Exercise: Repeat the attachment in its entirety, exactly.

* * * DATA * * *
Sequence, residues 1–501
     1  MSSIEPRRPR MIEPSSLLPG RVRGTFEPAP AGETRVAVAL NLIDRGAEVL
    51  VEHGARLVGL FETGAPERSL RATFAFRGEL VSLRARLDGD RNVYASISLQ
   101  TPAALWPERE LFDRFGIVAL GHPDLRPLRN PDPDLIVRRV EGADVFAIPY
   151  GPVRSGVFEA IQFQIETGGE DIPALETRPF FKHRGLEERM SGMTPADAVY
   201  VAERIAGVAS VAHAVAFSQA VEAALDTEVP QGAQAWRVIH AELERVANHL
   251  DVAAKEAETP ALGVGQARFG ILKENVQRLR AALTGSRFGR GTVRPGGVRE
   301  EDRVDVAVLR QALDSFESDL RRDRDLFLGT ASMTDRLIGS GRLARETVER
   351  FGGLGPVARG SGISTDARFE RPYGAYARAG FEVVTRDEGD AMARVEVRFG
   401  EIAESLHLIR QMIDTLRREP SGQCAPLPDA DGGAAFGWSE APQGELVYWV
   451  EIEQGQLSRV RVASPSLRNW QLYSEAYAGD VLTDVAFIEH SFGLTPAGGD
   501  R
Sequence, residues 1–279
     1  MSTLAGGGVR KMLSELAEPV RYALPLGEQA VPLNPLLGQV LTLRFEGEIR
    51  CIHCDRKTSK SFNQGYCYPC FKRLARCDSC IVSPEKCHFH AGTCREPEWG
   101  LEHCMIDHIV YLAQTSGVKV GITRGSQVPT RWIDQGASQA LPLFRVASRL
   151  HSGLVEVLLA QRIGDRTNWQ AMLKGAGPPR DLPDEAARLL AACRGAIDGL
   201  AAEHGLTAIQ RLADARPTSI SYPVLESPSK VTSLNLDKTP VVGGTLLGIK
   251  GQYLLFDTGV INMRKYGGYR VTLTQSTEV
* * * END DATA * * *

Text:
Sequence, residues 1–501
     1  MSSIEPRRPR MIEPSSLLPG RVRGTFEPAP AGETRVAVAL NLIDRGAEVL
    51  VEHGARLVGL FETGAPERSL RATFAFRGEL VSLRARLDGD RNVYASISLQ
   101  TPAALWPERE LFDRFGIVAL GHPDLRPLRN PDPDLIVRRV EGADVFAIPY
   151  GPVRSGVFEA IQFQIETGGE DIPALETRPF FKHRGLEERM SGMTPADAVY
   201  VAERIAGVAS VAHAVAFSQA VEAALDTEVP QGAQAWRVIH AELERVANHL
   251  DVAAKEAETP ALGVGQARFG ILKENVQRLR AALTGSRFGR GTVRPGGVRE
   301  EDRVDVAVLR QALDSFESDL RRDRDLFLGT ASMTDRLIGS GRLARETVER
   351  FGGLGPVARG SGISTDARFE RPYGAYARAG FEVVTRDEGD AMARVEVRFG
   401  EIAESLHLIR QMIDTLRREP SGQCAPLPDA DGGAAFGWSE APQGELVYWV
   451  EIEQGQLSRV RVASPSLRNW QLYSEAYAGD VLTDVAFIEH SFGLTPAGGD
   501  R
Sequence, residues 1–279
     1  MSTLAGGGVR KMLSELAEPV RYALPLGEQA VPLNPLLGQV LTLRFEGEIR
    51  CIHCDRKTSK SFNQGYCYPC FKRLARCDSC IVSPEKCHFH AGTCREPEWG
   101  LEHCMIDHIV YLAQTSGVKV GITRGSQVPT RWIDQGASQA LPLFRVASRL
   151  HSGLVEVLLA QRIGDRTNWQ AMLKGAGPPR DLPDEAARLL AACRGAIDGL
   201  AAEHGLTAIQ RLADARPTSI SYPVLESPSK VTSLNLDKTP VVGGTLLGIK
   251  GQYLLFDTGV INMRKYGGYR VTLTQSTEV